The best joy is often fleeting.
So go some views of philosophy, religion and psychology. We at PYMNTS don’t mean to burden you with such abstract concepts. But we want to take a few minutes to talk about pop-up shops, and how those temporary but often lucrative retail efforts are shaping commerce — and being shaped by payments — and what could be coming next.
The latest pop-up developments concern the Hollister apparel brand, which is owned by Abercrombie & Fitch. As PYMNTS readers likely know, Abercrombie & Fitch has been going through some store troubles lately, challenges not unknown other retailers in this age of rising eCommerce — in March, news emerged that the brand would close up to 40 stores by next February. Over the last eight years, the retailer has shuttered about 475 stores, and has also reduced the size of its stores and remodeled existing locations. Even so, the company has certainly not given up on physical retail. Abercrombie & Fitch has said it plans to invest approximately $120 million in store experiences in 2019, including 85 new stores experiences and 40 new stores.
Riding Retail Trends
One way to make better connections with shoppers in person is via pop-up stores.
According to a new report from CNBC, the company — apparently encouraged by the relatively good health of its Gilly Hicks line of lingerie, itself part of Hollister — its striving to increase sales via those temporary retail locations. On Monday (July 22), in fact, Abercrombie said that “it opened four new pop-up shops last week, at Tysons Corner Center in Virginia, Dolphin Mall in Miami, Los Cerritos Center in California and at Baybrook Mall in Friendswood, Texas,” according to the report. “All are expected to be open for about 12 months, according to the company. And these stores join two already existing Gilly Hicks shops at Ala Moana Center in Honolulu and Roosevelt Field mall in East Garden City, New York.”
Pop-up retail stores command a good deal of attention and even excitement in retail, and for good, perhaps even obvious reason: Physical shopping, especially at malls, is on the decline as consumers become ever more mobile, and ever more sophisticated about using multiple channels to find products and complete services. Pop-ups can offer relatively low costs for retailers and a severely reduced commitment when it comes to securing physical space. That allows for the quicker exploitation of retail trends — as shown by the Abercrombie move — and the introduction of relatively experimental products, brands and lines without the risks that can come with full bore brick-and-mortar efforts.
Costs for pop-up shops can vary widely, of course. But one recent and reliable estimate said “you also can pull off a short-term pop-up for as little as $1,500.” Another analysis, this one from Popertee, found that “the total cost of one 30-day pop-up” stood at about $33,000.
The pop-up proposition is attractive not only to retailers with a long focus on physical stores. Those temporary stores also provide a way for eCommerce operators to connect with more customers in the physical real and further their own brick-and-mortar plans.
Amazon, as you can imagine, provides a good example of that — and a good example of why the pop-up trend is still and hit-and-miss type of thing. That’s because earlier this year, the retailer said it would shutter all 87 of its pop-up stores in the United States by the end of April. The move ended the proliferation of the small shops in malls, Kohl’s stores and Whole Foods in 21 states. The stores were only about a few hundred square feet and have devices like Alexa-enabled speakers and Kindles. The pop-up stores were mostly used to show off items like Alexa devices and to let customers trade in old tablets for credit.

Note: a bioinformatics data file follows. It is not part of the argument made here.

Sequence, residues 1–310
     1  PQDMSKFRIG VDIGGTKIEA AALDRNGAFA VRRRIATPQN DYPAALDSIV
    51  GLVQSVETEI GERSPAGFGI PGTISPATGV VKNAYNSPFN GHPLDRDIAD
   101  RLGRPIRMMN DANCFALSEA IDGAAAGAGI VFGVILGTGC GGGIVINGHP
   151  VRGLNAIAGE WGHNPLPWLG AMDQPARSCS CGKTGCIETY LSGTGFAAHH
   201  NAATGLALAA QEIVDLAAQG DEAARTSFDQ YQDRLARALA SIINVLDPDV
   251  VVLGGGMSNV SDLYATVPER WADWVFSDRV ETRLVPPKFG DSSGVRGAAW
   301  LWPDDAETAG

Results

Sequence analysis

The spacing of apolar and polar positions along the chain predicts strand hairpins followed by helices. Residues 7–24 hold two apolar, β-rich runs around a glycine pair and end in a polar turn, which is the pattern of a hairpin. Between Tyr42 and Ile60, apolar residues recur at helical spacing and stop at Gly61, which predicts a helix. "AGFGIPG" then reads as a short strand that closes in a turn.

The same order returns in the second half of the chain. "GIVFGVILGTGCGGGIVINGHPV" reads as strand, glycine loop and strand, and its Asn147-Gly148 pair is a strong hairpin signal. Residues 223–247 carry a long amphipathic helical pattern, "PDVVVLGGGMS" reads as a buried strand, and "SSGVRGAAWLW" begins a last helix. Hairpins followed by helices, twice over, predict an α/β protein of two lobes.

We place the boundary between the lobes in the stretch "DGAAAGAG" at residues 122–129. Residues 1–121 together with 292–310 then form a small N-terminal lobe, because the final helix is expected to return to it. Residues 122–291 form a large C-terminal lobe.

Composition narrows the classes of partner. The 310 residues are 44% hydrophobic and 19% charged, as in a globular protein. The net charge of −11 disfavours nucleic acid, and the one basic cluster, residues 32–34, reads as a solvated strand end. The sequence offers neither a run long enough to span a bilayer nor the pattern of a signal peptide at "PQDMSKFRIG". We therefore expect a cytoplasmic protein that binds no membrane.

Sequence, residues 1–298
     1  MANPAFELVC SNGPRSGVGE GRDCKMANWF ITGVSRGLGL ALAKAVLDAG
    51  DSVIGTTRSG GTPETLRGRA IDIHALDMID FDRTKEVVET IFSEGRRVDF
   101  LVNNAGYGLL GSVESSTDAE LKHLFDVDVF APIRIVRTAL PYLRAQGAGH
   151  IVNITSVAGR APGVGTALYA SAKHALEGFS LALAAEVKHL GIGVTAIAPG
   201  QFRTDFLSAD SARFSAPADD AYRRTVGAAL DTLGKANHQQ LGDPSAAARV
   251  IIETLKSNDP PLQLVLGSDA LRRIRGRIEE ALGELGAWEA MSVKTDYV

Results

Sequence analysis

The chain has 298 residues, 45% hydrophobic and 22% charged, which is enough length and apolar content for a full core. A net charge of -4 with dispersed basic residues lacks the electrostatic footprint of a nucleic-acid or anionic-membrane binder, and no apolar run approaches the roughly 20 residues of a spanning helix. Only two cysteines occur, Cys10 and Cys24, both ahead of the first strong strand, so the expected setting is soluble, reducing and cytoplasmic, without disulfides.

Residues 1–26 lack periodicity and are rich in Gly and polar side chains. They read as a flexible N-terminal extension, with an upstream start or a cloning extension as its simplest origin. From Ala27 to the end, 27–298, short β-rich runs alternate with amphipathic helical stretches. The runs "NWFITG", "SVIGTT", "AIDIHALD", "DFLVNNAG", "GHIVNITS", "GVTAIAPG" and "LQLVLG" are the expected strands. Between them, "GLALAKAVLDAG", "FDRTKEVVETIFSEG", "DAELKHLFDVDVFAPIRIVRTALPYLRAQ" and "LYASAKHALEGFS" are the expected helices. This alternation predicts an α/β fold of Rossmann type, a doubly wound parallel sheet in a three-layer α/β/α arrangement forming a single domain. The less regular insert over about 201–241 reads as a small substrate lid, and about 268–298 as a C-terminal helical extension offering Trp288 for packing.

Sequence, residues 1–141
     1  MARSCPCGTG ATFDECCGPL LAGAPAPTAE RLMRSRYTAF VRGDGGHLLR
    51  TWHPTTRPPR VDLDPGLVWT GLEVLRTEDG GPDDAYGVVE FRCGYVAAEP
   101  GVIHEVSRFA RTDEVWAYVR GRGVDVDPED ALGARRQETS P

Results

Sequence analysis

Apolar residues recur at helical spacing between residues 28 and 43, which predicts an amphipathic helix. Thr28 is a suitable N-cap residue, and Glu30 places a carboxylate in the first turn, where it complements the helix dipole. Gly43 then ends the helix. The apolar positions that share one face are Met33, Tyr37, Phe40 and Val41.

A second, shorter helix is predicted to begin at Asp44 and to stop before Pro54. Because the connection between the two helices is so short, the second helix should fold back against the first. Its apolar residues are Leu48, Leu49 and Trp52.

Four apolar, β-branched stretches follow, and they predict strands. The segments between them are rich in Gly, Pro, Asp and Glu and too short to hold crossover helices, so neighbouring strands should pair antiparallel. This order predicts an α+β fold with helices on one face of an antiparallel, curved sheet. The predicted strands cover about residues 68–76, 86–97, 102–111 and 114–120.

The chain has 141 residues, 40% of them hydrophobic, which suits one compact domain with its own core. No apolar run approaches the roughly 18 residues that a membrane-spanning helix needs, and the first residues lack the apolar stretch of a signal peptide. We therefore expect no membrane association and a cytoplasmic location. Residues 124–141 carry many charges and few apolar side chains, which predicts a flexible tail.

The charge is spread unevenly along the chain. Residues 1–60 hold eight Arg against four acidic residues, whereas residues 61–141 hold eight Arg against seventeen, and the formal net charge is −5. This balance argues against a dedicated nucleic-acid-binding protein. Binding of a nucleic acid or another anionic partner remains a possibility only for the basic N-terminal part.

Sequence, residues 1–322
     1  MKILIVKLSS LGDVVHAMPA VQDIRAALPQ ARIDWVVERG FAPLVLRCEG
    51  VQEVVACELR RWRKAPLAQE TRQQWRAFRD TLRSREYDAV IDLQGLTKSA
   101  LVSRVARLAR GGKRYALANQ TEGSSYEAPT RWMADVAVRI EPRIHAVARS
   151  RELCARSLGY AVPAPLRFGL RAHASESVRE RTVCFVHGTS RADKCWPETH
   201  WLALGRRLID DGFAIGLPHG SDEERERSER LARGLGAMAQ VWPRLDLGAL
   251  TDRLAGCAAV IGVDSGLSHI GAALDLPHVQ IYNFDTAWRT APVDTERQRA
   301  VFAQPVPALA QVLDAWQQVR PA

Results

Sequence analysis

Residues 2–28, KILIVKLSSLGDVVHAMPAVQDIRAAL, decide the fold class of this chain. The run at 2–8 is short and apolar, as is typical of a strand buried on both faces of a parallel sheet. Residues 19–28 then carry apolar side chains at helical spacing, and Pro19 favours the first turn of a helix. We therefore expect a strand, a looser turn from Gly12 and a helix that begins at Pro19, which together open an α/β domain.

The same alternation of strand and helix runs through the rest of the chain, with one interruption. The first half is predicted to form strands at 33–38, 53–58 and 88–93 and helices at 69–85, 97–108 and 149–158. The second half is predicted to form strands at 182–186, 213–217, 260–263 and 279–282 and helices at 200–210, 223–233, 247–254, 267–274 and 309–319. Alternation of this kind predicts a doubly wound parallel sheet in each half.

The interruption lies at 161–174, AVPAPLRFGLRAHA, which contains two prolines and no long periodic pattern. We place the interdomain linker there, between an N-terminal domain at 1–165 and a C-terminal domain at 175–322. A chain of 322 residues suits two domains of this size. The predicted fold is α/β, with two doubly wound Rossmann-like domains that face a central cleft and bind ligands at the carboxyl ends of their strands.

Amazon provided no real details about the reasons behind the move. Amazon reportedly told landlords that the move wasn’t one meant to retreat from retail locations.
“The pop-up stores were designed to ascertain demand, and Amazon can leverage that data for prototypes of other stores,” said Charles Lanier, a landlord. He added that Amazon is always innovating and that at his company, “We’re big fans of the brand.”
A few months later, however, Amazon said it planned to launch pop-up stores in the U.K. to give small businesses the chance to sell on High Street. In a press release, Amazon said it teamed up with Enterprise Nation, which supports more than 90,000 U.K. small businesses, to launch Clicks and Mortar, a new program that helps small businesses grow in-store and online.
The program will enable more than 100 small online business to sell on High Street in 10 Clicks and Mortar shops across the U.K. Amazon is running a year-long pilot program aimed at helping up-and-coming online brands grow their presence in the physical world. The results of the pilot will be measured by independent researchers and submitted to the government to gauge how successful it is.
Pop-ups also are riding a wave of growth when it comes to food, either via restaurants or small, even individual operators eager to get their dishes before more consumers in various, sometimes non-traditional settings. Part of that trend — as documented by PYMNTS — is tied to the ongoing deployment of mobile payment solutions, which enables those smaller businesses to sell to consumers who don’t have (or don’t want to pay with) cash.
The world of pop-up shops is one of those places where seemingly anything can happen — and where some of newest retail best practices might even emerge over time, given all the interest in those temporary locations.